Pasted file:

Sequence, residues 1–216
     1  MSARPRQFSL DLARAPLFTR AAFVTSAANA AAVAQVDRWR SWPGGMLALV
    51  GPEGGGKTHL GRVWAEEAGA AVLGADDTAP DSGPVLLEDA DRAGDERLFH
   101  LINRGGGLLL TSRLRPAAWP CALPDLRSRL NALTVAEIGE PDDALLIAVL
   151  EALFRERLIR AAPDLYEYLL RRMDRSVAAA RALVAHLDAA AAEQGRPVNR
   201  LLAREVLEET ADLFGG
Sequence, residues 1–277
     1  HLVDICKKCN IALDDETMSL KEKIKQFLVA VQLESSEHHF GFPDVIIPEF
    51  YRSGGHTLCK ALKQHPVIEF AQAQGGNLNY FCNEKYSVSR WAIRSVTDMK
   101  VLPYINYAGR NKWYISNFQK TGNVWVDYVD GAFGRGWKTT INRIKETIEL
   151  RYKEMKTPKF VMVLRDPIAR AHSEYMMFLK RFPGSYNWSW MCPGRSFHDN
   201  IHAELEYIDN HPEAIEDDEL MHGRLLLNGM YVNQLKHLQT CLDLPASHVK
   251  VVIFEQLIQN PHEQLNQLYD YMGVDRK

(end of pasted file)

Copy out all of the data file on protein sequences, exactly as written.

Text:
Sequence, residues 1–216
     1  MSARPRQFSL DLARAPLFTR AAFVTSAANA AAVAQVDRWR SWPGGMLALV
    51  GPEGGGKTHL GRVWAEEAGA AVLGADDTAP DSGPVLLEDA DRAGDERLFH
   101  LINRGGGLLL TSRLRPAAWP CALPDLRSRL NALTVAEIGE PDDALLIAVL
   151  EALFRERLIR AAPDLYEYLL RRMDRSVAAA RALVAHLDAA AAEQGRPVNR
   201  LLAREVLEET ADLFGG
Sequence, residues 1–277
     1  HLVDICKKCN IALDDETMSL KEKIKQFLVA VQLESSEHHF GFPDVIIPEF
    51  YRSGGHTLCK ALKQHPVIEF AQAQGGNLNY FCNEKYSVSR WAIRSVTDMK
   101  VLPYINYAGR NKWYISNFQK TGNVWVDYVD GAFGRGWKTT INRIKETIEL
   151  RYKEMKTPKF VMVLRDPIAR AHSEYMMFLK RFPGSYNWSW MCPGRSFHDN
   201  IHAELEYIDN HPEAIEDDEL MHGRLLLNGM YVNQLKHLQT CLDLPASHVK
   251  VVIFEQLIQN PHEQLNQLYD YMGVDRK